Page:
Following the American Civil War Sesquicentennial with day by day writings of the time, currently 1863.

Post image for Army letters of Oliver Willcox Norton.

Army letters of Oliver Willcox Norton.

May 10, 2013

Army letters of Oliver Willcox Norton (Eighty-third Pennsylvania Volunteers)

Stoneman Station, Va.,
Sunday, May 10, 1863.

Dear Mother:—

I wrote to E. on Monday. Perhaps I better continue my journal. We were then lying in line of battle, and soon after my letter was off, our Second brigade went out to feel of the rebels, and stirred up a muss that we expected would result in a general engagement. The firing was sharp for half an hour, our men retreating till the rebels had followed into range of the artillery, which opened on them, and they soon fell back. That was the last of the fighting. During the night the pickets had a sharp skirmish and we were called to our guns, but it soon died away and we slept again. We, I say, for I counted myself in. I do not carry a gun, and in battle as a musician I am in charge of the surgeons to carry off the wounded. This did not suit me at all. It involved the necessity of going on the field, and I am too much of a coward to walk quietly where bullets whistle and have nothing to say myself. When I can return ball for ball, cheer, and shout defiance to the enemy, my courage is as good as anybody’s, but not to walk through them with my hands full. So, on the first appearance of fight, I picked up a rifle and cartridge box and joined Company K. Our good fortune kept us out of the fight, but I felt much better with the company than anywhere else. But this is a digression. Tuesday was very quiet. In the afternoon a tremendous thunder shower burst upon us. Our trenches in an hour’s time were full of water. The rain continued all night, yes, for three days.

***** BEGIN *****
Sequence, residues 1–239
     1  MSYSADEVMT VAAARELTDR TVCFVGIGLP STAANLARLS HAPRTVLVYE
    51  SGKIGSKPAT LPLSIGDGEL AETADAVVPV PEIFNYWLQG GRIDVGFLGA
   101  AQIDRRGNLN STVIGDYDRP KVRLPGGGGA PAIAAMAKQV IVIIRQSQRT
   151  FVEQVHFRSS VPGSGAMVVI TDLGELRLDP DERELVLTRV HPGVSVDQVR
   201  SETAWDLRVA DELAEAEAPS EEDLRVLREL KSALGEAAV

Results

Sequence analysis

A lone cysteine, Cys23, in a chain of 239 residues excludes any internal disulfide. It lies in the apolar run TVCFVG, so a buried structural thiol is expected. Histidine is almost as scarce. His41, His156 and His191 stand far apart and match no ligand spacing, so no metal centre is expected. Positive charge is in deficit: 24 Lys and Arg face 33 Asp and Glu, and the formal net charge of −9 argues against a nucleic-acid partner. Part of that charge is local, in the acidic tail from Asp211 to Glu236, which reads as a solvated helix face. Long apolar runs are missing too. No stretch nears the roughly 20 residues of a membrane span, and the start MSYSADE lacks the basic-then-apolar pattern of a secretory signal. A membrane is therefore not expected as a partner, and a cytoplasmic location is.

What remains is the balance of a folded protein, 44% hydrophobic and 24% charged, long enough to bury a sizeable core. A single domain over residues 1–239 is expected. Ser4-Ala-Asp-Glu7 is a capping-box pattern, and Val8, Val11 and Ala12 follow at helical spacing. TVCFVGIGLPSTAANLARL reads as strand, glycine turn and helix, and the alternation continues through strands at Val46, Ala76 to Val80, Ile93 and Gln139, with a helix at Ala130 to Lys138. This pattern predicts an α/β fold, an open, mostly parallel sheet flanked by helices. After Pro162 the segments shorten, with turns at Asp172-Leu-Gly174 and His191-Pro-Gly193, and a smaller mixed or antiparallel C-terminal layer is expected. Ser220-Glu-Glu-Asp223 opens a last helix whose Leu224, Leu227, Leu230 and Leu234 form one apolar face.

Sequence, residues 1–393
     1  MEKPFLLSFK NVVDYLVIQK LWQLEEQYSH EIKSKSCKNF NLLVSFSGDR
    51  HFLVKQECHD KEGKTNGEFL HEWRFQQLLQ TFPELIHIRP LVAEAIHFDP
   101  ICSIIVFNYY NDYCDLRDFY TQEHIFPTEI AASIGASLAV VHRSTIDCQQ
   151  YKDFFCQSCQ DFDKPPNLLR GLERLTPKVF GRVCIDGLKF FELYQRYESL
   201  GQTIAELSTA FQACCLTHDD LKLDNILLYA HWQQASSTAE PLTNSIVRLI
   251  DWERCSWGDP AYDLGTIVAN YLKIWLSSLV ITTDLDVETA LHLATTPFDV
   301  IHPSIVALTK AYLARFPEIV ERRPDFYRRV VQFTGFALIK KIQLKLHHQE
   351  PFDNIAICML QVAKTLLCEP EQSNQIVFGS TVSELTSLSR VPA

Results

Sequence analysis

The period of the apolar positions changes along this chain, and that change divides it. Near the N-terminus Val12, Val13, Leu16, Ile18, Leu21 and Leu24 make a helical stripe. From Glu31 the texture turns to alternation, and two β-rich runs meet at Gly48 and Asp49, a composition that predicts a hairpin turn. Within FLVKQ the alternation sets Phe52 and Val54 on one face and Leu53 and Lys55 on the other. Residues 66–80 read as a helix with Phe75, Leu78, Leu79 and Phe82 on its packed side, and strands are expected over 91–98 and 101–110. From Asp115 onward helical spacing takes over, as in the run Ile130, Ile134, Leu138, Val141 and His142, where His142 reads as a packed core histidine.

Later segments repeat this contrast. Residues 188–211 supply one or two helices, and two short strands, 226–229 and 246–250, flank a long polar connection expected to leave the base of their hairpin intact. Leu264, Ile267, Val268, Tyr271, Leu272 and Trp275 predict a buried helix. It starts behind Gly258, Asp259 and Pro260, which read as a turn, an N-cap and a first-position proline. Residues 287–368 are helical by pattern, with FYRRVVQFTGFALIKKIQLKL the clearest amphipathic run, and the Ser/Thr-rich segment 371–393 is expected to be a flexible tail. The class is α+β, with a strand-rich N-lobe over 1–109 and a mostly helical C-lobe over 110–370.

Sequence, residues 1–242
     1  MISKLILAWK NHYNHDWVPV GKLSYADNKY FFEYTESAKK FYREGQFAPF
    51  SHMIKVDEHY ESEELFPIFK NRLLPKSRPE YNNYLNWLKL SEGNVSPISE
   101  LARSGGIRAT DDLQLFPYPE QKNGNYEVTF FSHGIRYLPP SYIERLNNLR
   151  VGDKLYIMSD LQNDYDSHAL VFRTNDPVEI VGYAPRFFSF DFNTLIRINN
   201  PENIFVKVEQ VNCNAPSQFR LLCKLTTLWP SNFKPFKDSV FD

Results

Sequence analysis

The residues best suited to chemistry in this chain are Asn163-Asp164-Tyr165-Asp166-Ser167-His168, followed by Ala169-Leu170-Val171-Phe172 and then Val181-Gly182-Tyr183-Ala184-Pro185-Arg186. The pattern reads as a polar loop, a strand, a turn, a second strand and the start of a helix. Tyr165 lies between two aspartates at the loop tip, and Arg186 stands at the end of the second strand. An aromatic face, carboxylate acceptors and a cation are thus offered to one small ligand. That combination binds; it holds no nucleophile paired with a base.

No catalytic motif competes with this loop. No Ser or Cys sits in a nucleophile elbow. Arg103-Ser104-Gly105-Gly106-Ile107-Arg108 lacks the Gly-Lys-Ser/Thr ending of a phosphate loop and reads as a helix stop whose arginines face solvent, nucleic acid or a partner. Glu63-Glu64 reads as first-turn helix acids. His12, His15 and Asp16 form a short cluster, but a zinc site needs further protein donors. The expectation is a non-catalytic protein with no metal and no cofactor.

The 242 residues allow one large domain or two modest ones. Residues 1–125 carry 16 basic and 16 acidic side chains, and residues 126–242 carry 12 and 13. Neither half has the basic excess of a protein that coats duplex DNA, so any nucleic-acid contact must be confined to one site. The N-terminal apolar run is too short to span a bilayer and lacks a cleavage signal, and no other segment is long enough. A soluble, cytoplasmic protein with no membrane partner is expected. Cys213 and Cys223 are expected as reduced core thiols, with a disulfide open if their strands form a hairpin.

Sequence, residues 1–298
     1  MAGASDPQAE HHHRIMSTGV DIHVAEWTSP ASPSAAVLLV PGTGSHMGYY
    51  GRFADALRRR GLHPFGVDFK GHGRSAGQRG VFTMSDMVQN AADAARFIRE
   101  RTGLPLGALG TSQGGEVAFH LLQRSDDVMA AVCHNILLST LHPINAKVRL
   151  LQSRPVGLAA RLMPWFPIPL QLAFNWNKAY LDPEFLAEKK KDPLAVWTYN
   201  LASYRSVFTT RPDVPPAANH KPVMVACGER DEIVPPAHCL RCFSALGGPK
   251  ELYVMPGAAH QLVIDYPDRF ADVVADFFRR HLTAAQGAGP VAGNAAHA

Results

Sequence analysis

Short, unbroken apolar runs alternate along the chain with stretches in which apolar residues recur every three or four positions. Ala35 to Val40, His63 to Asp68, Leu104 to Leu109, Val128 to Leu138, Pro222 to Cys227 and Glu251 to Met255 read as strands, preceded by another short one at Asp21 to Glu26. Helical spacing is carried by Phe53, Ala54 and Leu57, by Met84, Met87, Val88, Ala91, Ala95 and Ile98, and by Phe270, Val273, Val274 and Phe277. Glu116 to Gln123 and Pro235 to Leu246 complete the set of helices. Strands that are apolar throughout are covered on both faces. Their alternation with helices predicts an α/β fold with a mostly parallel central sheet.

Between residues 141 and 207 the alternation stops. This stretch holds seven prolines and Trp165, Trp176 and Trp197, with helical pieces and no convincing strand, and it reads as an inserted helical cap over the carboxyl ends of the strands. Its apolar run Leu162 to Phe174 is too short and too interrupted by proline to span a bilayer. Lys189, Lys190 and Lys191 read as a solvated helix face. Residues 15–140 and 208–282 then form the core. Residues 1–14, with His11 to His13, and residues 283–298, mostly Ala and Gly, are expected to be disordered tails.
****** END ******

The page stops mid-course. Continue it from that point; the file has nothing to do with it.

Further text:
About 2 o’clock Wednesday morning we were ordered to pack up silently, and in a few minutes we were on the retreat. To say we were surprised would give but a feeble idea of our feelings. We felt more confident than ever that we could repulse all that could be brought against us. But for some reason, satisfactory to General Hooker no doubt, we did recross the river, and night saw us in our old camps. The Eighty-third had the post of honor, the last regiment to cross, and our brigade was the rear guard, but we were not molested. It was one of the hardest marches we ever had, and I am stiff and sore from the effects of it. Most of the way the mud was over shoe, in some places knee deep, and the rain made our loads terrible to tired shoulders, but it is all over now.

We have eight days’ rations again, and orders to be ready to move at any time.

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